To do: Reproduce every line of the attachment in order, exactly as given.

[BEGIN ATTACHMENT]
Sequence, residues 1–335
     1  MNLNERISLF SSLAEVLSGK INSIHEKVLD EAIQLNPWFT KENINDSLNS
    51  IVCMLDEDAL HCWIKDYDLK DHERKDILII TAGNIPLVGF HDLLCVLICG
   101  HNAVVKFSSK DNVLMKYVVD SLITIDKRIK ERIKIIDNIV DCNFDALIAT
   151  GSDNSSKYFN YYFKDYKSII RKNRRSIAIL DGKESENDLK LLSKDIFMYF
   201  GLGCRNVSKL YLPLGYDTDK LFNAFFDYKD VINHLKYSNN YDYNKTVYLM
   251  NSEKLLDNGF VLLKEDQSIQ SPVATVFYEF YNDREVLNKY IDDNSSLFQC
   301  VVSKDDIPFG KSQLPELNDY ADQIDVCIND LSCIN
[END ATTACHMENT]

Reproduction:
Sequence, residues 1–335
     1  MNLNERISLF SSLAEVLSGK INSIHEKVLD EAIQLNPWFT KENINDSLNS
    51  IVCMLDEDAL HCWIKDYDLK DHERKDILII TAGNIPLVGF HDLLCVLICG
   101  HNAVVKFSSK DNVLMKYVVD SLITIDKRIK ERIKIIDNIV DCNFDALIAT
   151  GSDNSSKYFN YYFKDYKSII RKNRRSIAIL DGKESENDLK LLSKDIFMYF
   201  GLGCRNVSKL YLPLGYDTDK LFNAFFDYKD VINHLKYSNN YDYNKTVYLM
   251  NSEKLLDNGF VLLKEDQSIQ SPVATVFYEF YNDREVLNKY IDDNSSLFQC
   301  VVSKDDIPFG KSQLPELNDY ADQIDVCIND LSCIN